Wintering grass cattle and good prices
February 10, 2014
And the wind blows…and then it blows more. I am not sure with all the air exchange we have had whose environment I am living in now. I have learned to lean on the wall after going indoors, so I can stand upright. Fortunately soil moisture is either frozen or covered so hopefully it will be there to get grass started this spring. Of course we will need more help from mother nature to assure good early grass growth.
What about these cattle prices? We seem to continue to set price records at all levels, stimulating a lot of conversations as to how long it will last, how high it will go and where it will be maintained – or will it? I don't believe in my career we have seen such profits in all segments of the industry. I have often stated when one segment of the industry makes a profit it is at the expense of another part of the industry. When the cow calf producer makes a profit the feeder loses or the feeder profits the packer loses, etc. Fortunately that is not occurring now leaving the majority of the higher beef price at the consumer level with some stress on the corn farmer.
As I have written before I never talk about good cattle prices without pointing out our costs, except grains currently, continue to go up as fast or in some cases faster. I realize at the recent Range Beef Cow Symposium considerable emphasis was concentrating on increasing value of output – amount and price, however obviously we cannot ignore costs to assure profits. I recently saw a report from Kansas State University where they estimated annual cow costs to be $1,134. I know some will scoff at this figure and I am sure some can maintain a cow for less but I also know that some are paying more than that annually. I reviewed their assumptions and even though I could argue with some of the figures to a small degree I would say most assumptions are very realistic. The facts are that most of us don't know what it costs to run a cow a year – we just don't like that part of the business. I would argue that in spite of that it is just important today as when we are challenged in making a profit to watch and lower costs – especially feed costs whenever possible – without significantly lowering reproduction.
Several are wintering calves now and often the question is raised what is the appropriate winter gain for grass cattle. This question often revolves around costs of wintering and subsequent gains on grass or compensatory gains. For years cattlemen maintained calves on winter forage with just enough supplement to keep them healthy and gaining slightly – perhaps .5 pound per day. Ranchers experience and research data seemed to show that summer gains were rapid and cheap enough to offset the slow winter gains. This was often evaluated by looking at yearling weights.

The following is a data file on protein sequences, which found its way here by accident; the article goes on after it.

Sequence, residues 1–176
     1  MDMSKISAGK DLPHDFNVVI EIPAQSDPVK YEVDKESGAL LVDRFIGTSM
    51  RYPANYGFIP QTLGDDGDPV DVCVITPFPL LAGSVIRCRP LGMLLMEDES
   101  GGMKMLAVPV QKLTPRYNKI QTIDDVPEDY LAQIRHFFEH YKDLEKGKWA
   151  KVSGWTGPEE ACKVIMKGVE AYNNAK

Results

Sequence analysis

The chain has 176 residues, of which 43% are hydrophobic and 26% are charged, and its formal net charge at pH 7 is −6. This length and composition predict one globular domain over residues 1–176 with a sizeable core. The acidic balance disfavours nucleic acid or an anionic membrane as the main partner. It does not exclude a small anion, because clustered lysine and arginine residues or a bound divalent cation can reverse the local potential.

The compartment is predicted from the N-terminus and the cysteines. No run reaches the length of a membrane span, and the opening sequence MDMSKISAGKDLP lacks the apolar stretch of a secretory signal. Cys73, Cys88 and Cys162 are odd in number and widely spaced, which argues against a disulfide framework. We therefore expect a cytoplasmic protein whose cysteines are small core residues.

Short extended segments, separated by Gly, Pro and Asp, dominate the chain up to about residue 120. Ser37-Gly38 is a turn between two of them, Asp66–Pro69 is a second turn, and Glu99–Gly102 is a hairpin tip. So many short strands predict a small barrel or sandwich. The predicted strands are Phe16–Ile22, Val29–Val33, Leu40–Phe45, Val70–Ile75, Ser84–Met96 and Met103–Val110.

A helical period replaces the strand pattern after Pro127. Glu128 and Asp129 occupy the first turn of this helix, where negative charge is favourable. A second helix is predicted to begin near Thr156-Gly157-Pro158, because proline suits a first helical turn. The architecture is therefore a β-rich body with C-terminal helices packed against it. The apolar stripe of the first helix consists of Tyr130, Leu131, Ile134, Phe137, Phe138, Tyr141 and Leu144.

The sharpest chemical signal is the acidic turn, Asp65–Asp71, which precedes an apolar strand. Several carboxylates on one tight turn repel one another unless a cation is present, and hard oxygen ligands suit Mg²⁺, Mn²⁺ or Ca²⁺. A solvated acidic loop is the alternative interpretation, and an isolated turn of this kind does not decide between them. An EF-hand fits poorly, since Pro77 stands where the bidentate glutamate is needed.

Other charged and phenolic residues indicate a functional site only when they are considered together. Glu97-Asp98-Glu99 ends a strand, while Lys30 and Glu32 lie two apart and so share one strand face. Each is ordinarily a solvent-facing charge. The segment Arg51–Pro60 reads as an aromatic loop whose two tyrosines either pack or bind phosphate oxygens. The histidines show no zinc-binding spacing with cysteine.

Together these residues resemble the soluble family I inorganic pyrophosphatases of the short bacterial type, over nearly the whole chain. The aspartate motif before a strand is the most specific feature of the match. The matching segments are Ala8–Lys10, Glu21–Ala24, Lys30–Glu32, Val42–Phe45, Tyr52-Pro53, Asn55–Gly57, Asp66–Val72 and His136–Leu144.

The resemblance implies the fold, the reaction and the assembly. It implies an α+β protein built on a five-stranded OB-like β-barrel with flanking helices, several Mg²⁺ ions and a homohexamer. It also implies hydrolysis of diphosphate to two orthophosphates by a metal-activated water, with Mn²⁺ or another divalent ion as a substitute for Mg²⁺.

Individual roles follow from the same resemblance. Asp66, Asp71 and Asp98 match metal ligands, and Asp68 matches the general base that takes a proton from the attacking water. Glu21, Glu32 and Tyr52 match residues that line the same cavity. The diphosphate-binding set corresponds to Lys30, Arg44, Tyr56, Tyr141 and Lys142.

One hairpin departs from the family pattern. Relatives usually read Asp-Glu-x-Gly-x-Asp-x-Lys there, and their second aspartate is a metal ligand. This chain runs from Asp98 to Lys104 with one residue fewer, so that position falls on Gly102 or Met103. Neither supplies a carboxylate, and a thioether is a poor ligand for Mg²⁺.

A recent report in the 2014 Nebraska Beef Cattle Report has an article that challenges that thinking especially when the finishing phase is considered. Their research evaluated two rates of winter gain (0.57 versus 1.40) per pound per day) on subsequent summer and finishing gain and overall profits were estimated in the system at various wintering and corn costs for finishing. This research consisted of six trials with a large number of cattle. As would be expected the calves that gained the slowest during the wintering period gained the fastest during the summer grazing period (1.39 versus 1.06 pounds per day). What was surprising to me was that the calves that were wintered at a faster rate gained 0.18 pounds more daily than those wintered at a slower rate in the finishing phase. This resulted in 81 pounds more live weight when finished which has a large impact on the overall economies – especially at today's finished prices. In the economic analysis they evaluated corn in the finishing ration at $5.50 or $7.50 per bushel and winter supplement (wet distillers' grain) was priced at 85 percent or 105 percent of the price of corn and the supplement was fed in the winter at two pounds per head or five pounds per head for the slow and fast wintering period.
They produced various scenarios but in general they found the cattle that gained faster during the winter were about $55 more profitable when finished and in their analysis they found that corn would need to be priced at $11.70 per bushel or higher before it would favor the lower winter rate of gain. It is a little troubling to me that their summer gain was lower than often experienced in the inter-mountain hard grass country but both groups of cattle were handled the same so I feel this data applies to our region.
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I hope for those of you that have or will start calving soon the best. For those of you northwest of me I would really appreciate it if you would stop sending that wind. F